It was important, however, that the next parliament should address the urgent problem of church construction, which had to date been subject to all kinds of restrictions. “It is crucial that we Christians in Egypt should finally be able to live as equal citizens,” Bishop Aboul-Kheir emphasized. There should also be a reform of the religious debate on the part of the leading Muslim authorities in Egypt. “The Al-Azhar University is regarded as a moderate force. But in fact there are many things in its teachings and programs which are anything but moderate. For example, the use of force in cases of apostasy by Muslims is justified. This is in contradiction to moderate views. The Al-Azhar University must correct its program,” the Bishop explained.

 

International Prayer for Nigeria – Day 3

PRAYER FOR PEACE IN NIGERIA

God the Father our creator, God the Son our Redeemer, God the Holy Spirit our Sanctifier!

We praise and thank you  for the precious gift of Nigeria, which was and still remains a cosmopolitan, multi- cultural, multi- ethnic as well as multi-religious society. Your gift of tolerance, moderation, accommodation and Love for one another were the traits that made great this people and this society.

Sadly though, in recent times, they have been plagued by political, ethnic and religious crises and have suffered the destruction of lives and property. We humbly ask for the gift of reconciliation, that we forgive each other. Heal the wounds with the radiance of your love and mercy.  Teach us to live in peace and harmony.

May their leaders be instruments of love, peace, tolerance, social and economic development. Help them to be selfless in service and to lead their people in the path of dialogue and reconciliation, so that they can truly be one family, working for the common good. May dissenting views be a source of harmony and peaceful coexistence! Bless and provide for their youth and help them to be peace loving.


Lord may the weapons of evil, hatred and violence be silenced by love. May we enjoy unity and stability as your children who live, move and have our being in you.

We ask this through Christ our Lord.

O Jesus prince of peace: be merciful, restore permanent peace to the world and, these days especially, to Nigeria, from north to south.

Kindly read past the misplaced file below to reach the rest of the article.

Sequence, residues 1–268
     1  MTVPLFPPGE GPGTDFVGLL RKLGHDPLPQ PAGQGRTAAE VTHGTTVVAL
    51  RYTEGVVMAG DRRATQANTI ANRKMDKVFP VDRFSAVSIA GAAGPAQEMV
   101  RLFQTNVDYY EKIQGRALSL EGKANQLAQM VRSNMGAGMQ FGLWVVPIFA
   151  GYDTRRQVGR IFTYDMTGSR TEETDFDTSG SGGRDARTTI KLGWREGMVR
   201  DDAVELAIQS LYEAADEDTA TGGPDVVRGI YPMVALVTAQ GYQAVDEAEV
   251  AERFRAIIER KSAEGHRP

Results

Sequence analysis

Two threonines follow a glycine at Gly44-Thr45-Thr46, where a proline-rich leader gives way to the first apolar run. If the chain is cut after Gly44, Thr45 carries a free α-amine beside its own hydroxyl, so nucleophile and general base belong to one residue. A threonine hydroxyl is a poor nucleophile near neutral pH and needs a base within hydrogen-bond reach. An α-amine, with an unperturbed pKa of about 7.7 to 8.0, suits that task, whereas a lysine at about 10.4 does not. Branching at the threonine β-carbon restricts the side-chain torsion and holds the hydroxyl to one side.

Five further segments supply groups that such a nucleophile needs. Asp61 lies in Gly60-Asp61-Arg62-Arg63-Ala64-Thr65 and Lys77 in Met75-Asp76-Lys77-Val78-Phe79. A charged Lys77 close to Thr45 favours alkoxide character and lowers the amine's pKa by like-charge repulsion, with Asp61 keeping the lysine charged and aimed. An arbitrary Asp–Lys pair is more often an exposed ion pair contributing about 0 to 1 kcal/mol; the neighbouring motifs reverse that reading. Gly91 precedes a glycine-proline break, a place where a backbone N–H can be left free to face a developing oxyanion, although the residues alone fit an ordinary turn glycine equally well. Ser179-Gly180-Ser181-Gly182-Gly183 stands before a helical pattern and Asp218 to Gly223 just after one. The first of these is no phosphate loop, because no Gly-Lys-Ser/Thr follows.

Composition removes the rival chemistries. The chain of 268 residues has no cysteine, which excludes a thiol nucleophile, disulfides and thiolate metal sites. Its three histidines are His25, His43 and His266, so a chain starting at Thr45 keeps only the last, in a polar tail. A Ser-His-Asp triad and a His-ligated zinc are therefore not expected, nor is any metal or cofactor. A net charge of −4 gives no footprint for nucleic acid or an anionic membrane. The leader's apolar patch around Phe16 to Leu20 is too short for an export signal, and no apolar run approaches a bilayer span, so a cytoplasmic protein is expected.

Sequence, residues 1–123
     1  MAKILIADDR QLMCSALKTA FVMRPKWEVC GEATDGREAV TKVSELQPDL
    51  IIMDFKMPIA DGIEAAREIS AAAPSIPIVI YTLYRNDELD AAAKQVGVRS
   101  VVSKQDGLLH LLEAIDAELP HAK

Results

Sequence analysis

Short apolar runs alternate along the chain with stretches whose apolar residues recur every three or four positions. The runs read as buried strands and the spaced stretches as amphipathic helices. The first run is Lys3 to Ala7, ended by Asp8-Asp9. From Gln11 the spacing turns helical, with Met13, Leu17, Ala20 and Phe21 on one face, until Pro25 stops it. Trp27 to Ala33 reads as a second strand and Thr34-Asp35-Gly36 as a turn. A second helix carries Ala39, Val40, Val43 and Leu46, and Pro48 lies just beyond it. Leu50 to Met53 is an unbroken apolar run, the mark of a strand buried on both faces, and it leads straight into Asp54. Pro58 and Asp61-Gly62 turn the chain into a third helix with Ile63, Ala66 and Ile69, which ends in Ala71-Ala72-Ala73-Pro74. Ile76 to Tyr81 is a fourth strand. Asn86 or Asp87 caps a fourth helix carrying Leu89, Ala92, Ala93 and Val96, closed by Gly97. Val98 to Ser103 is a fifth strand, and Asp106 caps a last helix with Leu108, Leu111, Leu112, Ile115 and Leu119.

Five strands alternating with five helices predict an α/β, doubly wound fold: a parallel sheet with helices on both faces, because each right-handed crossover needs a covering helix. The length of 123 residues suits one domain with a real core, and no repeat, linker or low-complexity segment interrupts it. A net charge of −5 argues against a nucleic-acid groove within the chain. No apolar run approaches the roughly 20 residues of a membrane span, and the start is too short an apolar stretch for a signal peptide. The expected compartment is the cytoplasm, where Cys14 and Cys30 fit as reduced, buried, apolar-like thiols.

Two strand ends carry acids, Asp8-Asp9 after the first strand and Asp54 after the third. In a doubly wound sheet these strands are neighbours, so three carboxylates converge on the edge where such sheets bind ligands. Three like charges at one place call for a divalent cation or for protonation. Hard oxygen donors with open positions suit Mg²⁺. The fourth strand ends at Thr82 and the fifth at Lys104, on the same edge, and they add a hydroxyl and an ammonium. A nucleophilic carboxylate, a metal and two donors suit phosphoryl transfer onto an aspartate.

Our Lady Queen of Peace: Obtain for us peace in our hearts, peace in our families, peace in our countries.

Amen

To make a donation to ACN for refugees

To make a donation by please call: (514) 932-0552 or toll free 1-(800) 585-6333
or click the image to make a secure on-line donation.

 

International Prayer for Nigeria – Day 2

PRAYER FOR PEACE IN NIGERIA

10930907_10153006259510325_675961016726696272_n

God the Father our creator, God the Son our Redeemer, God the Holy Spirit our Sanctifier!

We praise and thank you  for the precious gift of Nigeria, which was and still remains a cosmopolitan, multi- cultural, multi- ethnic as well as multi-religious society. Your gift of tolerance, moderation, accommodation and Love for one another were the traits that made great this people and this society.

Sadly though, in recent times, they have been plagued by political, ethnic and religious crises and have suffered the destruction of lives and property. We humbly ask for the gift of reconciliation, that we forgive each other. Heal the wounds with the radiance of your love and mercy.  Teach us to live in peace and harmony.

May their leaders be instruments of love, peace, tolerance, social and economic development. Help them to be selfless in service and to lead their people in the path of dialogue and reconciliation, so that they can truly be one family, working for the common good. May dissenting views be a source of harmony and peaceful coexistence! Bless and provide for their youth and help them to be peace loving.

Nigeria/Kaduna 11/121 Remodelling and extending of St. John´s paLord may the weapons of evil, hatred and violence be silenced by love. May we enjoy unity and stability as your children who live, move and have our being in you.

We ask this through Christ our Lord.

O Jesus prince of peace: be merciful, restore permanent peace to the world and, these days especially, to Nigeria, from north to south.

Our Lady Queen of Peace: Obtain for us peace in our hearts, peace in our families, peace in our countries.

Amen

To make a donation to ACN for refugees

To make a donation by please call: (514) 932-0552 or toll free 1-(800) 585-6333
or click the image to make a secure on-line donation.

 

International Prayer for Nigeria – Day 1

PRAYER FOR PEACE IN NIGERIA

10959335_10153006259570325_6653319181642960602_nGod the Father our creator, God the Son our Redeemer, God the Holy Spirit our Sanctifier!

We praise and thank you  for the precious gift of Nigeria, which was and still remains a cosmopolitan, multi- cultural, multi- ethnic as well as multi-religious society. Your gift of tolerance, moderation, accommodation and Love for one another were the traits that made great this people and this society.

Sadly though, in recent times, they have been plagued by political, ethnic and religious crises and have suffered the destruction of lives and property. We humbly ask for the gift of reconciliation, that we forgive each other. Heal the wounds with the radiance of your love and mercy.  Teach us to live in peace and harmony.